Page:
[Page 33]8 As the Purging Compositions of the Shops to which the Dogmatists trust in the carrying off Impu­rities, are altogether uncorrected, containing more or less poysonous Properties in them, whereby the Tone of the Parts are discomposed, the Spirits de­pa [...]perated, the Chyme colliquated, and the Ferments damnified; so a perpetual succession of Morbisick matter is often regener [...]ted, in li [...]u of what was there­by evacuated. Whosoever receives b [...]nefit by these Catharticks, is beholding to an Accidental or Contin­gent success, not to any direct praenotional Iudicious susception therein.

9. The chief Cordi [...]ls Analepticks, or Corrobora­ting Iuleps belonging to the Lo [...]don-Dispensatory come very short of that true validity they ought to have, and which Chymical Philosophers make with their own hands [...] for these are volati [...]ized, and high­ly purified, b [...]ing v [...]ry active and sa [...]e; but those are in comparison terrestrial, flat, foeculent, impertinent, and so dangerous.

10. Physicians ought to make th [...]ir own Medi­cines, for thereby they [...]hall prepare them with a satisfactory Elegance and Exactness improve them to the greater Advantage and Gradation; understand th [...]ir Virtues more clearly; administer th [...]m with the more discretion, and acquire a far greater co [...]fi­dence of their success; th [...]n may he stiled [...], an Officious Physician indeed; otherwise he can deserve no other than a meer Trif [...]er in his Function, acting [...], carelesly, perfunctorily, and cruelly.

11. The best Chymical Remedies contained in the Vulgar Pharmacopaea, are insufficient, dangerous; yea, sometimes pernicious, therefore to be rejected by an [Page 34] Helmontian, who is throughly acquainted with his own Manufacture of Remedies.

12. Issues may be connived at in some, sith they rid in part some superfluity of crude Blood, which in [...]very Lunar Revolution is prone to be generated through divers extri [...]secal and intrinsecal occasions: however they do but palliate or play the Parasite with a Disease, Eliquating or draining the Rivulets or Pro [...]d [...]cts, not touching the Fountain of a Disease.

13. Vesica [...]or [...]es or Blisterings by Cantharides or the like Poysonous Materials, are to be rejected; for they cause an indi [...]nation in the Archeus, whereby the good Juyces ar [...] melted into a sharp Ichor or Tabum; the O [...]conomie of the Body put into a disorder, the cons [...]quents wh [...]r [...]of are a great pain, inqui [...]tude [...] wa [...]ching, and sometimes a stopping of the Vrine [...] th [...]r [...]fore if a prosperous event b [...] attributed to these virulent Epistpasticks, it is a mee [...] Accident, and mi­stake of the Cau [...]e.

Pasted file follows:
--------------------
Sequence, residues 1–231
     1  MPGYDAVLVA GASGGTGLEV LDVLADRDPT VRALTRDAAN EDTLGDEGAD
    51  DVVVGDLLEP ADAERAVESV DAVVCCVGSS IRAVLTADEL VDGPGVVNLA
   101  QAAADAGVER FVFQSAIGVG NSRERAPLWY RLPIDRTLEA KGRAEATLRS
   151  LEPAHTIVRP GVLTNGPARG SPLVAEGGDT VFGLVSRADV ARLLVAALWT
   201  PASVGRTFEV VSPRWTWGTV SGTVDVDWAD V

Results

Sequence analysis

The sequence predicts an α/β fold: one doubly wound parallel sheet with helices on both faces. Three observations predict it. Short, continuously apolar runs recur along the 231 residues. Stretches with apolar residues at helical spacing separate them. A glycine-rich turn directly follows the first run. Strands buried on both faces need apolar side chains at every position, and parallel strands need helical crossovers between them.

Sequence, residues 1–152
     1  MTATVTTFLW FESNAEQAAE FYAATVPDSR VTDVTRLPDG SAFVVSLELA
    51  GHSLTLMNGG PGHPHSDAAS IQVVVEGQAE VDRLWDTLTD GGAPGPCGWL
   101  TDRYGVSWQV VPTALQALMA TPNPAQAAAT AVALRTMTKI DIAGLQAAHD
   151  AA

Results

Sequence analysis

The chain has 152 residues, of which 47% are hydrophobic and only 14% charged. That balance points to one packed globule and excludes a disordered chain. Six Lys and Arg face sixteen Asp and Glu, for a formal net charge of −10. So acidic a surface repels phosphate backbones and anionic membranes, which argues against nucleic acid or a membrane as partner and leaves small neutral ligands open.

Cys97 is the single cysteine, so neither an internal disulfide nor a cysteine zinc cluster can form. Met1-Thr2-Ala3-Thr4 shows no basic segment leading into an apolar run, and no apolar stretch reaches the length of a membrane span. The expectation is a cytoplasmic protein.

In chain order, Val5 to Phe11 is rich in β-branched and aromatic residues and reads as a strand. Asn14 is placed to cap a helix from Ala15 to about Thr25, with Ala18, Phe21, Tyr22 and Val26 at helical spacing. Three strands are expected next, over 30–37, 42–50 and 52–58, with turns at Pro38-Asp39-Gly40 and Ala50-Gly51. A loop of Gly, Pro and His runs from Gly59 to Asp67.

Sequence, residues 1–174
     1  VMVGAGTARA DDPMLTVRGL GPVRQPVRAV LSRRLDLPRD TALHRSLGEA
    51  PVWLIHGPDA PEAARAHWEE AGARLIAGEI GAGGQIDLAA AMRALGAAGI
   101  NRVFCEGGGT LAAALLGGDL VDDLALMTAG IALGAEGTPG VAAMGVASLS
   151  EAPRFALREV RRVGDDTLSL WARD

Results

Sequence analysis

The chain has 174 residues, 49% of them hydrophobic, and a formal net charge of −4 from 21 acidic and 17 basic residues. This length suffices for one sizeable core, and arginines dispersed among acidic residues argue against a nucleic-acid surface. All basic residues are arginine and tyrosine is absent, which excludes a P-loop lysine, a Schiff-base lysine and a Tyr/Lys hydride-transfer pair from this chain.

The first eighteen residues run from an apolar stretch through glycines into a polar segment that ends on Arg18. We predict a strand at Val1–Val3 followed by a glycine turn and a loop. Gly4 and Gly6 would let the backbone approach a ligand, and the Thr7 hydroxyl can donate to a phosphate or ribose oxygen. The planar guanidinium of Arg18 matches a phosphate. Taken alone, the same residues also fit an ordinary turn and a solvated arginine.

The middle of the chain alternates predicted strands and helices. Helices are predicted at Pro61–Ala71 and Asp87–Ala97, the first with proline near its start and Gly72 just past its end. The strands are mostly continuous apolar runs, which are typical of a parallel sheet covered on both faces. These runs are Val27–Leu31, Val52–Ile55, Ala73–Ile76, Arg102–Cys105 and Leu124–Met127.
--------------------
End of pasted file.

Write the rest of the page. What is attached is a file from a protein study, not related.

14. I positively assert, and can prove, that the Dogmatists are ignorant in Aitiologie, Prognostication, and Therapie of Diseases, i. e. they are totally out of the way in the Cure of Man.

15. If any desire to attain to be very excellent in the Therapeutick he must often take into his own body his new-minted Medicines, that th [...]reby he may be ex­pres [...]y acquainted with their Operations, approving or disproving them as his own Stomach informs him [...] [...]or thus he shall express his tender affection he hath for his Patient [...] and arrive at the knowledge of greater Arcana than his Patients by th [...]mselves will ever direct him to. He that will not run the hazard of this, or cannot, ought to deplume his high thoughts, and demean himself the more humbly, ob­serving [Page 35] his Station and Classe, forbearing to carp en­viously at another on whom this gift is bestowed.

16. The Method of Curing which the Galenists have used above these [...]ixteen hundred years, is most tedious and protracting; contrary to the Origi­nal of the word in the best sense; but in the worse, it is an absolute Imposture.

17. The upright Philosophical Chymical way of Healing, is performed knowingly, manifestly, speedily, securely, pleasantly, and effectually.

18. A sincere Artist always carries about him Po­lyacaea's, or Remedies of an ample endowment, which upon emergent occasions he forthwith exhibits to any suddenly surprized with sickness; or afflicted with vio­lent Paroxysmes, r [...]freshing the Patient long before an incongruous, invalid connexion of some pitiful stuff can be prescribed, made up by the Apothecary, & sent.